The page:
Pirates optimistic after taking “leap” forward in 2018

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              Pittsburgh Pirates' Pablo Reyes hits a double off Cincinnati Reds relief pitcher Jackson Stephens in the 10th inning of a baseball game, Sunday, Sept. 30, 2018, in Cincinnati. (AP Photo/John Minchillo)
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PITTSBURGH (AP) — Neal Huntington raised eyebrows last winter when the Pittsburgh Pirates general manager said the club’s decision to trade franchise cornerstones Andrew McCutchen and Gerrit Cole wouldn’t affect the team’s ability to win the World Series in 2018.

The message Huntington was trying to send was lost in his unwieldy delivery: that flipping Cole and McCutchen for younger major league talent would help the Pirates contend into 2019 and beyond.

While Huntington’s short-term version was spot on — the Pirates were out of the playoff picture by late August — whether his long-term vision pans out remains uncertain.

Yet he and manager Clint Hurdle are confident Pittsburgh took a significant step forward in 2018. The Pirates won 82 games — just the franchise’s fourth winning season in a quarter century — and head into 2019 with far fewer question marks than a year ago.

The starting rotation, led by breakout seasons by Jameson Taillon and Trevor Williams and an uncharacteristically aggressive move at the trade deadline to acquire Chris Archer from Tampa Bay, morphed from a question mark into an exclamation point. The catching tandem of Francisco Cervelli and Elias Diaz was among the most offensively potent in the National League. Third baseman Colin Moran — part of the deal that sent Cole to Houston — was steady if not always spectacular in his first full season. Left fielder Corey Dickerson hit .300 and proved more than capable of playing above-average defense at spacious PNC Park. Closer Felipe Vazquez was an All-Star again and received help when the Pirates acquired reliever Keone Kela from Texas.

“We had ups and we had downs,” Taillon said. “I think you saw a lot of growth from young guys. I think this group is going to be together for a long time. That’s exciting to me.”

The key over the next six months is finding a way to carry that momentum forward. Having the front office splurge for some offensive help for a group that finished in the bottom half of the major leagues in runs, home runs, slugging and OPS would help. So would consistency. The team took a step toward addressing the problem Monday, announcing that hitting coach Jeff Branson and assistant hitting coach Jeff Livesey will not return next season.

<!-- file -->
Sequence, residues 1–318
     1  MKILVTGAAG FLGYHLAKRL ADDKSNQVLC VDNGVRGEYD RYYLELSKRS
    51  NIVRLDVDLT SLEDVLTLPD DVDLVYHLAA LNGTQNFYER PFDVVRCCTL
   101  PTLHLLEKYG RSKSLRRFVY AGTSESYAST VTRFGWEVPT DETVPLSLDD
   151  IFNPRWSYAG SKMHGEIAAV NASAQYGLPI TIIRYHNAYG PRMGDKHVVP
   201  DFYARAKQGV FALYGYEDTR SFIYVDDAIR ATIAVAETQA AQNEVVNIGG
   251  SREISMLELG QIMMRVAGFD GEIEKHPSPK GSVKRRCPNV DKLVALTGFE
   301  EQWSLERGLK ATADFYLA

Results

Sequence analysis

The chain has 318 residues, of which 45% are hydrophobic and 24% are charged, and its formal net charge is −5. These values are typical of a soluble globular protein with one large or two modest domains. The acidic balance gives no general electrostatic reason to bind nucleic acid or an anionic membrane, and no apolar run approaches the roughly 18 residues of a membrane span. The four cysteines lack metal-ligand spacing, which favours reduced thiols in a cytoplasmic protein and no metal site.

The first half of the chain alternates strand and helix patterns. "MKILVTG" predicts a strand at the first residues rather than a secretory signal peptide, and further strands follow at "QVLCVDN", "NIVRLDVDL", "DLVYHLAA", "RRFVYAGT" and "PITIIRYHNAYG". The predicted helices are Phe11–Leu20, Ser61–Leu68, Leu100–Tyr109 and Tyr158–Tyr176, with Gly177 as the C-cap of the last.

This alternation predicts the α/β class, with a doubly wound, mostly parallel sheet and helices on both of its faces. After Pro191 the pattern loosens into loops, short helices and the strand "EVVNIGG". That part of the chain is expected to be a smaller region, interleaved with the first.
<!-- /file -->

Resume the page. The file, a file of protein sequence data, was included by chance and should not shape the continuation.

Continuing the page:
The Pirates in 2018 were equal parts promising and problematic. How else to explain a year that included a 26-17 stretch, an 11-31 free fall, an 11-game winning streak, a 10-17 August and a 16-10 September?

“The best players, the best teams in our game find a way to keep the good stretches longer and the bad stretches shorter,” Huntington said. “We need to find a way to do that collectively and individually.”

A look back and forward at a team that believes it is poised to be a legitimate factor next summer.

YOUNG GUNS

Taillon looked every bit the staff ace Pittsburgh expected when it drafted him in the first round nearly a decade ago. The 26-year-old won 14 games overall and posted a 2.33 ERA after the All-Star break, a mark that was only good enough for second on the team after Williams shook off a bumpy stretch to go 7-3 with a 1.38 ERA in his final 12 starts.

The only real question mark for the rotation in 2019 is if Ivan Nova returns. The veteran turns 32 in January, is due $9.1 million and went 9-9 with a 4.19 ERA, making him an expensive luxury for a fourth starter.

MIDDLE MEN

The last links to Pittsburgh’s run of three straight playoff berths from 2013-15 could be moving on. Shortstop Jordy Mercer will become a free agent and the Pirates are unlikely to exercise their $10 million club option on second baseman Josh Harrison.

Adam Frazier showed he’s capable of taking over for Harrison after hitting .306 with seven home runs in the second half. Kevin Newman will be given an extended look in spring training to replacing Mercer.

POWER OUTAGE

First baseman Josh Bell hit just 12 home runs this season — 14 less than he hit in 2017 — and Bell is well aware that total needs to go up in 2019.

“If I can do damage to the opposite gap and kind of put some pressure on the pitcher, especially in (PNC Park), pitchers will start making mistakes and I can start putting the balls in the seats,” Bell said. “That’s just for me personally. I have some growing to do this offseason.”

GOING, GOING, KANG?

Third baseman Jung Ho Kang’s long climb back to the majors ended when he played in the season-ending series in Cincinnati. The Pirates won’t exercise their option on Kang for 2019 but could bring him back at a lower price provided Kang’s visa issues and the drunk driving problems that plagued him in his native Korea are finally behind him.